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U.S. Bureau of Pensions

City: Washington

State: DC

Prior to 1832, authority over pension laws for veterans was exercised by the secretaries of navy, war, and treasury. The Bureau of Pensions was an office within the War Department. In 1833, Congress approved an appropriations act providing for the appointment, until the expiration of the next Congress, of a commissioner of pensions, whose job was to execute, under the direction of the secretary of war, all the duties under the pension laws as directed by the president. In 1835, Congress passed an act continuing the office of commissioner for a further two years. Further laws continued the office until 1849, when it received permanent status. When Congress established the Department of the Interior in 1849, the Pension Office became a bureau within that department, with the secretary of interior exercising supervisory and appellate power over the actions of the commissioner of patents. The primary duties of the bureau were to examine and adjudicate claims and make payments on successful claims.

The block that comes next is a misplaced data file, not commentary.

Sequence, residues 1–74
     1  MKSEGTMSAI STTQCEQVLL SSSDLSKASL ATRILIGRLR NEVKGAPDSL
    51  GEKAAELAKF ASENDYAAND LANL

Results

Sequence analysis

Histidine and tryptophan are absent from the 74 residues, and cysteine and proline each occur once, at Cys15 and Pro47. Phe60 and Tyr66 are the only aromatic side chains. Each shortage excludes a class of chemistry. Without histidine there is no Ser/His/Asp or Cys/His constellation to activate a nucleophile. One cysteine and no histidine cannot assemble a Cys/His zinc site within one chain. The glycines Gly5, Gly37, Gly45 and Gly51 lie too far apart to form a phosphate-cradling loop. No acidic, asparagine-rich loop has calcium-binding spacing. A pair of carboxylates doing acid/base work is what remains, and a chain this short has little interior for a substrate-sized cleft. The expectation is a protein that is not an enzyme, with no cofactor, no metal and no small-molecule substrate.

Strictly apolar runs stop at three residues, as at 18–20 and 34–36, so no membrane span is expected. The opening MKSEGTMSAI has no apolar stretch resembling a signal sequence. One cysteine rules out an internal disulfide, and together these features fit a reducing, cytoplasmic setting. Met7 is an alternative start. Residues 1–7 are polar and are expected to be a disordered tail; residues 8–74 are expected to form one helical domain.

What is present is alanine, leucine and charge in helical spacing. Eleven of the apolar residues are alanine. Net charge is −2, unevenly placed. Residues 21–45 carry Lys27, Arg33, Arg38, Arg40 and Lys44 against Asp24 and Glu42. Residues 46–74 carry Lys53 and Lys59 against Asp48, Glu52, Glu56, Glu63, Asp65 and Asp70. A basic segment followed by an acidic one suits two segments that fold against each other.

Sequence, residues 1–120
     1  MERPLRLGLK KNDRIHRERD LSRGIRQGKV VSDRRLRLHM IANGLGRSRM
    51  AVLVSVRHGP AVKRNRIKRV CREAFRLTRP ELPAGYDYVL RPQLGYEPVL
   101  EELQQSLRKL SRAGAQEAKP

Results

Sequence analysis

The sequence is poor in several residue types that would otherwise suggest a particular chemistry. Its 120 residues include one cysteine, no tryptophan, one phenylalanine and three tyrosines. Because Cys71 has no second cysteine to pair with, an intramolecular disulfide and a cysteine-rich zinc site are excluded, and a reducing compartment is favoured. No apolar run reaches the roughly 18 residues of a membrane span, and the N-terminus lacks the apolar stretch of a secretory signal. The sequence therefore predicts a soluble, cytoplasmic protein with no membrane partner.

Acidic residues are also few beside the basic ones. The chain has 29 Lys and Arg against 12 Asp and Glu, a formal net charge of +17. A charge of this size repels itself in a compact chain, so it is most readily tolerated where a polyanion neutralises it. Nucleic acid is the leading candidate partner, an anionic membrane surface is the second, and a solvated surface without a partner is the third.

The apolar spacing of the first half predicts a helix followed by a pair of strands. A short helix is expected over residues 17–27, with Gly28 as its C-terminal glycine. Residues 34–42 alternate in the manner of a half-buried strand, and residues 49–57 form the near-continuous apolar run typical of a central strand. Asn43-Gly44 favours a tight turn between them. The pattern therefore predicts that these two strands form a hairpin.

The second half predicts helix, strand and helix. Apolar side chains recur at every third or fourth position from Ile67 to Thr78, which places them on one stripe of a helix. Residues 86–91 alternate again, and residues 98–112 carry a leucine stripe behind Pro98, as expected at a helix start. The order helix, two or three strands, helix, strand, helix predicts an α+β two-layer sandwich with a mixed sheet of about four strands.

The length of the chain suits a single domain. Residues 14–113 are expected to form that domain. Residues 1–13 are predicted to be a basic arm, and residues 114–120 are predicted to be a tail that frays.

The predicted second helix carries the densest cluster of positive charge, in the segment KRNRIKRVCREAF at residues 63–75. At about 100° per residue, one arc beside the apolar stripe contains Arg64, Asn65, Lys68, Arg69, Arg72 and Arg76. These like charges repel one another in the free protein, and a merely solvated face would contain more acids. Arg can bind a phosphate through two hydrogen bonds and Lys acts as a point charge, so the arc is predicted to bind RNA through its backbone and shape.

"An Act Making Appropriations for the Civil and Diplomatic Expenses of Government for the Year One Thousand Eight Hundred and Thirty-Three," 2 March 1833, Statutes at Large of the United States 4 (1846):622; "An Act to Continue the Office of Commissioner of Pensions," 3 March 1835, Statutes at Large of the United States 4 (1846):779; "An Act to Continue the Office of the Commissioner of Pensions," 19 January 1849, Statutes at Large of the United States 9 (1862):341-42; "An Act to Establish the Home Department, and to Provide for the Treasury Department an Assistant Secretary of the Treasury, and a Commissioner of the Customs," 3 March 1849, Statutes at Large of the United States 9 (1862):395; Gustavus A. Weber, The Bureau of Pensions: Its History, Activities and Organization (Baltimore, MD: The Johns Hopkins Press, 1923), 27; Paul A. Cimbala and Randall M. Miller, eds., Union Soldiers and the Northern Home Front: Wartime Experiences and Postwar Adjustments (New York: Fordham University Press, 2002), 397, n6.